You're the Man

You're the Man

Originally recorded in 1972, You’re The Man is an album best enjoyed in context. It was supposed to be the follow-up to Marvin Gaye’s seminal What’s Going On, but underperformance of the title track ahead of the album’s scheduled release, coupled with disagreements the singer is said to have had with the label about the project’s direction, led to the entire thing being shelved, leaving most of the songs to subsequently trickle out as bonus cuts packaged with reissues, compilations, and box sets. The 2019 official release of You’re The Man, then, is a time capsule—a portrait of an artist at the top of his game, but also one torn between the socially conscious anthems of What’s Going On and the superman lover he’d embody on 1973’s Let’s Get It On.
“You’re The Man” is heavy as an opener (a shorter alternate version appears later in the album). On the nearly six-minute epic, Gaye pleads with presidential candidates for the 1972 election to address the concerns of the Black community at large, citing specifically desegregation busing, inflation, and unemployment. Empowered by the success of What’s Going On, Gaye intended to continue using his platform to speak to the country’s ills, and to the plight of his people directly, on songs like “The World Is Rated X,” “I’m Going Home,” and a silky-smooth rendition of Donald Byrd’s “Where Are We Going?” On “I Want to Come Home for Christmas,” he sings from the perspective of a military POW pining for his family.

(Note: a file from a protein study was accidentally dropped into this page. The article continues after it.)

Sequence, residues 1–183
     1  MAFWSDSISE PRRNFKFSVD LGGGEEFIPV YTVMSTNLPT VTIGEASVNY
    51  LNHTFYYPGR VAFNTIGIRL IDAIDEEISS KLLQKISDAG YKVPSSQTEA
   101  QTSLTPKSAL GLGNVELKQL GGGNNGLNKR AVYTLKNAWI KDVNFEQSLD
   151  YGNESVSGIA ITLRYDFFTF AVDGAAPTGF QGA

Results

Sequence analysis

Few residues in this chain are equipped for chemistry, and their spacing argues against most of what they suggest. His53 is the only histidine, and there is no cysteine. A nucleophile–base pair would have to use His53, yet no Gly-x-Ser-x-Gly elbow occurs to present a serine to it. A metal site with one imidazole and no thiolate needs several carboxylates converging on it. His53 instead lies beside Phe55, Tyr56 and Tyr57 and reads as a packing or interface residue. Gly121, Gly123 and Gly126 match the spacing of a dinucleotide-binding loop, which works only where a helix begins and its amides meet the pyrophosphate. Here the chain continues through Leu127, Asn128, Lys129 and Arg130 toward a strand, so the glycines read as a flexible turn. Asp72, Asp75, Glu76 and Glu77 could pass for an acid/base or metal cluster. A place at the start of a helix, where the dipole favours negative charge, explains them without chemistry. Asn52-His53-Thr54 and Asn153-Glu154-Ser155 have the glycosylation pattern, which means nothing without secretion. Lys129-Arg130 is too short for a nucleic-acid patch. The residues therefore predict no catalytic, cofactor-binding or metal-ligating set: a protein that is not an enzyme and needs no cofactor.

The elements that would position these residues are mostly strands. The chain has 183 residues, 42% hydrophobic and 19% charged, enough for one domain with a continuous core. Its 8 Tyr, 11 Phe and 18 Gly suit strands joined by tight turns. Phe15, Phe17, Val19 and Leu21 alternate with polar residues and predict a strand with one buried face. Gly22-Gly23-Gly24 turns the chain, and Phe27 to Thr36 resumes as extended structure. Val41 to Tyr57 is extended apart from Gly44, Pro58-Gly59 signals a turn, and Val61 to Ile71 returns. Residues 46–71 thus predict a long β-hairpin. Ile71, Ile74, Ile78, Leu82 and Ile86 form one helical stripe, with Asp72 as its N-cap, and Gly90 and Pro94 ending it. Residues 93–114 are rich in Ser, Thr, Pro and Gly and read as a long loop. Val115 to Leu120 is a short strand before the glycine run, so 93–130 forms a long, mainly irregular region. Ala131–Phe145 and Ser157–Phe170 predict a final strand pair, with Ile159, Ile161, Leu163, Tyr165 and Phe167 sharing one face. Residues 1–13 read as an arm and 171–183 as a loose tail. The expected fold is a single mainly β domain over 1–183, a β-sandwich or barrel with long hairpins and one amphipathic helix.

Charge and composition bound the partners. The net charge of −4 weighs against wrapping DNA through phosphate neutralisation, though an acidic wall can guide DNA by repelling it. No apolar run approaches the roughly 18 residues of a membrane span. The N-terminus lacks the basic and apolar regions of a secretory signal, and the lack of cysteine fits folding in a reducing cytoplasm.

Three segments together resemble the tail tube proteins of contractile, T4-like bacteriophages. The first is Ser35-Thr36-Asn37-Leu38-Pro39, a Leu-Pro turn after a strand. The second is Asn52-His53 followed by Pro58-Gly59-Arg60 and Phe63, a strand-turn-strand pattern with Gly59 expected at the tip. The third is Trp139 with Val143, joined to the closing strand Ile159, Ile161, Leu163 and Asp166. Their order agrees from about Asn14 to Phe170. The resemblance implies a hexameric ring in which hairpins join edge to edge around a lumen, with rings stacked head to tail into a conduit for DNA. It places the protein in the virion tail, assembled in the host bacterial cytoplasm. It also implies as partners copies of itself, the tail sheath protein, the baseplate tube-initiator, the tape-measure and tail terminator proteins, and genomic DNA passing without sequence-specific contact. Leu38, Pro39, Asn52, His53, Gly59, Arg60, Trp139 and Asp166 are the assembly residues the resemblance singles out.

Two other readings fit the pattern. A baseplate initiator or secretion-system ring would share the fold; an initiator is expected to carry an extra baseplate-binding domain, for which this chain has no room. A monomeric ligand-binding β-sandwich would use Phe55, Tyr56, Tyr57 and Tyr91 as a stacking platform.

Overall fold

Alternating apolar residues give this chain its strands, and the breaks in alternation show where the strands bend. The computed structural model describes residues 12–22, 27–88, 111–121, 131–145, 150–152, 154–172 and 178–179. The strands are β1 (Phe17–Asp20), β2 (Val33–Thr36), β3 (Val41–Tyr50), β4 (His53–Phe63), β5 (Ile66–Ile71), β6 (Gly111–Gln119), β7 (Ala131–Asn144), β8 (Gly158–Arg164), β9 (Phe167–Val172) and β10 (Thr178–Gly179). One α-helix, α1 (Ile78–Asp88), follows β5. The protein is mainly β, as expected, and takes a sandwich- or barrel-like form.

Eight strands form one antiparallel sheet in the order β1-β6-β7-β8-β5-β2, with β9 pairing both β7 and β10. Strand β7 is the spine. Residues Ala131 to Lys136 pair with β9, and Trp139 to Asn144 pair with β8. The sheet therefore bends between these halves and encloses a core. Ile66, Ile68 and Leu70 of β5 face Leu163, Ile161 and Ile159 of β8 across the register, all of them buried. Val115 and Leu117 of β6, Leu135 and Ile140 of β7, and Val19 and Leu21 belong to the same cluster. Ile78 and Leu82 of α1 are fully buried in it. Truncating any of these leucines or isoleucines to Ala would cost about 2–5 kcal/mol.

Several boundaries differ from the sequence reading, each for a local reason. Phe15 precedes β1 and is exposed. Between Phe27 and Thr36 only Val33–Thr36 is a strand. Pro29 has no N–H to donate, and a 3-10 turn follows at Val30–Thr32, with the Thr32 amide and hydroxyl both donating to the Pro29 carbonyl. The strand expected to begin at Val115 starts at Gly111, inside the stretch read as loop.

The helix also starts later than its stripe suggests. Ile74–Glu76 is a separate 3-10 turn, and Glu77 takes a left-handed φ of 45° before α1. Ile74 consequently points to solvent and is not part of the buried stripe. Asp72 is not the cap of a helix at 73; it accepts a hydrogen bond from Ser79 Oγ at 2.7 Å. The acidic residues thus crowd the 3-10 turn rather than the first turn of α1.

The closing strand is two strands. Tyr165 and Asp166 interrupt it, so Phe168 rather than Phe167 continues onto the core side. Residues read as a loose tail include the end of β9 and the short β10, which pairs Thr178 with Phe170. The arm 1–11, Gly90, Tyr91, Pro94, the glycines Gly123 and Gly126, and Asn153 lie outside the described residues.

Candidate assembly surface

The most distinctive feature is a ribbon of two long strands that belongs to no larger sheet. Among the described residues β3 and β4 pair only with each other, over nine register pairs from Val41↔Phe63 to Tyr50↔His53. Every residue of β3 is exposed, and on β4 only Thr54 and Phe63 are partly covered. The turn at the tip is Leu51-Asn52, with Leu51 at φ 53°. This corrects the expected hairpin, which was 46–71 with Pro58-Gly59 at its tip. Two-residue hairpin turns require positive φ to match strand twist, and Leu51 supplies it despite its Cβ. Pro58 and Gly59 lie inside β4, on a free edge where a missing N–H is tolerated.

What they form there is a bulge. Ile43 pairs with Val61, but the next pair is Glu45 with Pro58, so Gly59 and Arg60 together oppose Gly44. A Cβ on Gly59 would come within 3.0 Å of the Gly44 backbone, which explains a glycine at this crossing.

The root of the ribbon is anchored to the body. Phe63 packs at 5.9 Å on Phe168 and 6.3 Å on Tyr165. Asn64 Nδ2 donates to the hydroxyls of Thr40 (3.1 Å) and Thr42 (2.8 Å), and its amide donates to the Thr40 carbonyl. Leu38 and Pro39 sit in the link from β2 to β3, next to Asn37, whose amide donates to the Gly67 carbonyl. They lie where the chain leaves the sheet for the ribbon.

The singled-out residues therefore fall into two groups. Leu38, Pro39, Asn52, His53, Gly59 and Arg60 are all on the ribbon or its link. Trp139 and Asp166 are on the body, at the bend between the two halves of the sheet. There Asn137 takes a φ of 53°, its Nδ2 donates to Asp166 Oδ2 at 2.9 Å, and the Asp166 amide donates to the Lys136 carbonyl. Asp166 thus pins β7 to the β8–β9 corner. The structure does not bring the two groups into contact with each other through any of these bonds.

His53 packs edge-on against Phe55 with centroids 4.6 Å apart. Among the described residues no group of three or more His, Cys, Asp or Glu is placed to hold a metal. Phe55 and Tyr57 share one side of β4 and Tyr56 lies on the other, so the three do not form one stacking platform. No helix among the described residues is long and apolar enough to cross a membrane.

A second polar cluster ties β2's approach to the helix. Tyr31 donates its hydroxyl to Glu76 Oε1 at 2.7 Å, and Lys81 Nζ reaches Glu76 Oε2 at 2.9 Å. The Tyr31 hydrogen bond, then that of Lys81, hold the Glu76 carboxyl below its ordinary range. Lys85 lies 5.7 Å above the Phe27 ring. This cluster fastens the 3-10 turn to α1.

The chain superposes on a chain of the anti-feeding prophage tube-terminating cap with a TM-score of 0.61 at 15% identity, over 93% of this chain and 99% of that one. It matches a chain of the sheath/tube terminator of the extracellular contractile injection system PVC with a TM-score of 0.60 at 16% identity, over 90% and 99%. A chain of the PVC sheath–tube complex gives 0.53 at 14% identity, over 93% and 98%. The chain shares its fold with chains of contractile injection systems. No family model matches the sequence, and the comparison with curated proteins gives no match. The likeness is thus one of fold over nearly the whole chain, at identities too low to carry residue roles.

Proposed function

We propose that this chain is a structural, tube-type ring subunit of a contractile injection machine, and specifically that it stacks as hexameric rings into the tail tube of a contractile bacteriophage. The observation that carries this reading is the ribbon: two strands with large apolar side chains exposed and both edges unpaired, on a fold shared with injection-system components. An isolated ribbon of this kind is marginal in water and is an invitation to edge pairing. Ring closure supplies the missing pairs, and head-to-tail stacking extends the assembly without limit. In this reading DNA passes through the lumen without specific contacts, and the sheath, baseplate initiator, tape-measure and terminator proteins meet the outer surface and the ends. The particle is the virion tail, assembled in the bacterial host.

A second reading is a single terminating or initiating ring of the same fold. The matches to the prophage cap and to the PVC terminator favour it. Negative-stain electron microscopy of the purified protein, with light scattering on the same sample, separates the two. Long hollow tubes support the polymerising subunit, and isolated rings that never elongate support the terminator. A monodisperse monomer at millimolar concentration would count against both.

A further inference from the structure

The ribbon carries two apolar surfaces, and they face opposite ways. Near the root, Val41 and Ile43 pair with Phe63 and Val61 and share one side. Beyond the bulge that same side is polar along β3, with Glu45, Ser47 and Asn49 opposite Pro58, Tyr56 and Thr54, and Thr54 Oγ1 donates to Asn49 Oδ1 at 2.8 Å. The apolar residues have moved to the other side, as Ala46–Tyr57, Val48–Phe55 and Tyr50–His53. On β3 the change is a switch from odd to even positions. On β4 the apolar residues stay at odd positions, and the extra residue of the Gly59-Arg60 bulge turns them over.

The album is hardly all protest music, though. Marvin swerves toward self-reflection with the heart-wrenching gospel-inspired ballad “Piece of Clay,” and then also in the our-love-is-stronger-than-gossip ode “I’m Gonna Give You Respect.” The balance to his social commentary comes through love songs like “My Last Chance” and “I’d Give My Life for You” (appearing here in Salaam Remi-produced incarnations), as well as the particularly upbeat “You Are That Special One.” In addition to the reworkings of Remi—the producer best known for his work with Nas and Amy Winehouse—the project includes what are billed as “alternate mixes,” delivering new versions of songs diehards may already be familiar with. There are likewise writing and production contributions from heroes of the era Willie Hutch, Hal Davis, and Gene Page, among others. With its many moods and intentions, You’re The Man plays as more of a compilation than a proper album, and yet it is a wholly worthwhile entry in the catalog of an American music legend.


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